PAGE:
Fri. Feb 23rd, 2024

The Basics of Food-Related Taxes in Texas

Each state taxes food and beverages in one way or another. Since the laws can vary so greatly from state to state, it is best not to assume what will be taxed or not. Texas has some of the most confusing food and beverage tax laws; here’s a brief rundown of the basics. 

Grocery Items

Most grocery items (fresh, frozen, canned, and otherwise) are not usually taxable items. There are a couple of exceptions to this rule when it comes to snack foods. Snack foods that weigh less than 2.5 oz are taxable. This includes candy and gum. However, boxes containing many snack foods, like a box of donuts, might not be taxable because the overall weight is higher. Oddly enough, anything containing a high enough amount of cow’s milk is not likely to be taxed, as milk is a tax-free drink in Texas. 

Prepared Foods

Prepared foods, like those used in restaurants or delis, can be taxed. There are some strange rules in regards to this as well. Food that is served with utensils is taxed, but food that does not require utensils is usually not. For this reason, a biscuit from a bakery might not be taxed, while your meal at the local diner will be taxed at a rate of 6.5%.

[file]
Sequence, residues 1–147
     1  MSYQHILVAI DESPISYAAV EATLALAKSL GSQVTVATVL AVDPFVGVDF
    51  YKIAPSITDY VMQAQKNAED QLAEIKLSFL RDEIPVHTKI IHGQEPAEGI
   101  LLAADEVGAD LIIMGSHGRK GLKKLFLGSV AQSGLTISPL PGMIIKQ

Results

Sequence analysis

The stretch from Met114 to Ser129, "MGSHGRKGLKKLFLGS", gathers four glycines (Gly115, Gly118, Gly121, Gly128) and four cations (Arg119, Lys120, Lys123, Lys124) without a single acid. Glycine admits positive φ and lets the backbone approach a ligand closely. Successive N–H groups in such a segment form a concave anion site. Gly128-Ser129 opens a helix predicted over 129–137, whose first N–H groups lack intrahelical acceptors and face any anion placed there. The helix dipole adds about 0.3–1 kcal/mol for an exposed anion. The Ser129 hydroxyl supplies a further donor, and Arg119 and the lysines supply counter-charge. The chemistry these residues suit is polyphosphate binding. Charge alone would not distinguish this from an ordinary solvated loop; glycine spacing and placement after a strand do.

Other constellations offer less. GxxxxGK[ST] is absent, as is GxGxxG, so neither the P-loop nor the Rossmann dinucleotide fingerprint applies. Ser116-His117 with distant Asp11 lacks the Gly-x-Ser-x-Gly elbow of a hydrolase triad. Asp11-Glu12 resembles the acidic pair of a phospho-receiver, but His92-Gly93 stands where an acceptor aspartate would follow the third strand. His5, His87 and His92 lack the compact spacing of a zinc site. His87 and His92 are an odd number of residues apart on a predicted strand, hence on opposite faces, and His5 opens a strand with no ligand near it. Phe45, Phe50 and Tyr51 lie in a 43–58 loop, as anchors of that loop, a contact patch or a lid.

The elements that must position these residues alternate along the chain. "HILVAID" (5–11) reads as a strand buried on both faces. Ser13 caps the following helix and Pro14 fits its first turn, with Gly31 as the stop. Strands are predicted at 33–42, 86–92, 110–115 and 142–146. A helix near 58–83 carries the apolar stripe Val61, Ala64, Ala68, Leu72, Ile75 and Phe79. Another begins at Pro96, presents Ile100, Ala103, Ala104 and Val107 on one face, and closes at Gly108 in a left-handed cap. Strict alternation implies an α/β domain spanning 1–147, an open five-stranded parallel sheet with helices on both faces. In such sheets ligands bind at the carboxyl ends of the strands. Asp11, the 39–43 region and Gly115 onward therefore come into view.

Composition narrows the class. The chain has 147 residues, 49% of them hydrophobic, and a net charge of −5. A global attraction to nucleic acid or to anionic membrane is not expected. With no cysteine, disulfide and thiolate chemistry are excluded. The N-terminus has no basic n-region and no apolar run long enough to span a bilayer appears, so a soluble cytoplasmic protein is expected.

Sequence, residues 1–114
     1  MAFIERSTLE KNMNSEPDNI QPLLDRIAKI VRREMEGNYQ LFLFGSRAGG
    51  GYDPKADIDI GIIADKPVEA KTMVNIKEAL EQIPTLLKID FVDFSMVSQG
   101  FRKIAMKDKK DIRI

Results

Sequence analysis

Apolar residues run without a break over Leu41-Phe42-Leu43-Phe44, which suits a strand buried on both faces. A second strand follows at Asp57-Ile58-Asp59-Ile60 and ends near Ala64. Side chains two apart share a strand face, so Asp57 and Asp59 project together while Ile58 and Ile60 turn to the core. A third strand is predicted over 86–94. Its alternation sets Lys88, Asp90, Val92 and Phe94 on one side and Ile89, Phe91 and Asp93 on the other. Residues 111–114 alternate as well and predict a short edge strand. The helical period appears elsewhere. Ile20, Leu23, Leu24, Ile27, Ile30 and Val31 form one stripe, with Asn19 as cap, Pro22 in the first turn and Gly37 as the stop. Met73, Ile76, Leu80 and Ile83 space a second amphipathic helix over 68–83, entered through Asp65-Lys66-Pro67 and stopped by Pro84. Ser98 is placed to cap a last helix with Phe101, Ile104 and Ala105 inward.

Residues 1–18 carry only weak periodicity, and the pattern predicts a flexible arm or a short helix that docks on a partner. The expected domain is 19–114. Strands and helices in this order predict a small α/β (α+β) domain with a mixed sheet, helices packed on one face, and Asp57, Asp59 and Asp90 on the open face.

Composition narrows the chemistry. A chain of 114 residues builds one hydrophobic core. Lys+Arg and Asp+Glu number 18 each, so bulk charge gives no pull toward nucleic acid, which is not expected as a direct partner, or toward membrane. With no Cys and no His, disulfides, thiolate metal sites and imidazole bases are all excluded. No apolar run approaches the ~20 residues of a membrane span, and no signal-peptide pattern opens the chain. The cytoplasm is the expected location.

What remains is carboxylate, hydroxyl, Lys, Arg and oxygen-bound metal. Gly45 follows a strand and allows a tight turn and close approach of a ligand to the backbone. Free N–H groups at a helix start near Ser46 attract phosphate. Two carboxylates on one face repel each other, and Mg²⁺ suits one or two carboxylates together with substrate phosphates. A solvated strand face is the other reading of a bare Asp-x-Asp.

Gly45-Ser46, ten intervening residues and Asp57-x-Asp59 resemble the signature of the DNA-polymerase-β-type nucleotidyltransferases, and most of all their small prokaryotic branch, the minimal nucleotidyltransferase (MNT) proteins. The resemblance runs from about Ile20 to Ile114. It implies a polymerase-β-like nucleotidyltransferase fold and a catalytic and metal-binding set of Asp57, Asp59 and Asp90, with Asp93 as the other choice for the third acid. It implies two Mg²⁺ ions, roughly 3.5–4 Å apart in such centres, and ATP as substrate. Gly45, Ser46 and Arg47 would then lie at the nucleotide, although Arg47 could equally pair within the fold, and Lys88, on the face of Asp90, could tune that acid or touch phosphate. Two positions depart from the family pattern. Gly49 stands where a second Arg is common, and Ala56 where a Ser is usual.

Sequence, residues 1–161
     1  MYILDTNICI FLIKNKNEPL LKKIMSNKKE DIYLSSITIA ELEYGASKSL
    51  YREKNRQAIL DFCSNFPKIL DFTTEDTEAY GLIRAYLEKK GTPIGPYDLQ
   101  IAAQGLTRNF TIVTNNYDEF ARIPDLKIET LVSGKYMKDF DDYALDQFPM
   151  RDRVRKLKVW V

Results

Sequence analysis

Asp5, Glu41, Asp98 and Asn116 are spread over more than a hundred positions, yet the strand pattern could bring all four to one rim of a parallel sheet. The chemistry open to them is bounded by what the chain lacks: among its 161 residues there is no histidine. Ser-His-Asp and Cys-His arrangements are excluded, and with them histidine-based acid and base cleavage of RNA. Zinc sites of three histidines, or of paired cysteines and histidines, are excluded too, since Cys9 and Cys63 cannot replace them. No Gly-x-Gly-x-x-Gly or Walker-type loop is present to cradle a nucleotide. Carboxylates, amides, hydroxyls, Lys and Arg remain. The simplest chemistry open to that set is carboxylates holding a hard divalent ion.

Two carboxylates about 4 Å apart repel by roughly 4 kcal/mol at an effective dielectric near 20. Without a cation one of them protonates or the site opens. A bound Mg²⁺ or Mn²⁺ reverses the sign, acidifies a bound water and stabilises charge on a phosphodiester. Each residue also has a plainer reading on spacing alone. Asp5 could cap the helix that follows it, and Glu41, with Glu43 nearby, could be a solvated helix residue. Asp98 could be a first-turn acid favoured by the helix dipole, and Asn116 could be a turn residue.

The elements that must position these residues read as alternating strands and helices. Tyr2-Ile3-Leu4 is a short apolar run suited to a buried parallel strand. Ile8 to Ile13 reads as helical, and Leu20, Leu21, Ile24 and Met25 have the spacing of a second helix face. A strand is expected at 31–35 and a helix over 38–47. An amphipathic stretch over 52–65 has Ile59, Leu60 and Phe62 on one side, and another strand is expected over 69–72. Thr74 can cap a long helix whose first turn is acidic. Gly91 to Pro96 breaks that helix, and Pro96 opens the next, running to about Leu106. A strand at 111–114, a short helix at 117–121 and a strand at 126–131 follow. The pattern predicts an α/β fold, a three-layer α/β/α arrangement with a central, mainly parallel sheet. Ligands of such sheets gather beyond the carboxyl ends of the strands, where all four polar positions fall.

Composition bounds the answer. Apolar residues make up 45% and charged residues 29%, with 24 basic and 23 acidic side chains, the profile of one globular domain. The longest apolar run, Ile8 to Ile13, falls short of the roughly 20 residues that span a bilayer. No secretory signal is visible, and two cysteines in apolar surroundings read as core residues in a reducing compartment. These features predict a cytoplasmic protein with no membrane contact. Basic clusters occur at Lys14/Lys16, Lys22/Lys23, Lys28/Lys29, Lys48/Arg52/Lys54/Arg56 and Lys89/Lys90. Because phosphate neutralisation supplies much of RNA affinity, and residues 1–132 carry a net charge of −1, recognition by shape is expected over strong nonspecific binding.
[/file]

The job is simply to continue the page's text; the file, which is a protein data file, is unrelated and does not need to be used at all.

Non-Alcoholic Beverages

Non-alcoholic beverages are not taxed if they contain cow’s milk, even if the milk is mixed with something (such as coffee beverages or chocolate milk). Drinks containing at least 50% fruit juice are also not taxed. Soft drinks and drinks containing less than 50% fruit juice and no milk are taxed.

Alcoholic Beverages 

Most, if not all, alcoholic beverages in Texas are likely to be taxed. Businesses need a Texas alcohol permit to sell alcohol; this includes both restaurants and stores. At 8.25% (as of 2021), Texas’s alcohol tax is considerably higher than the food tax. Keep this in mind when budgeting.

Keep these tax laws in mind as you budget for your next grocery trip. Stick to non-taxable goods to keep your bill lower.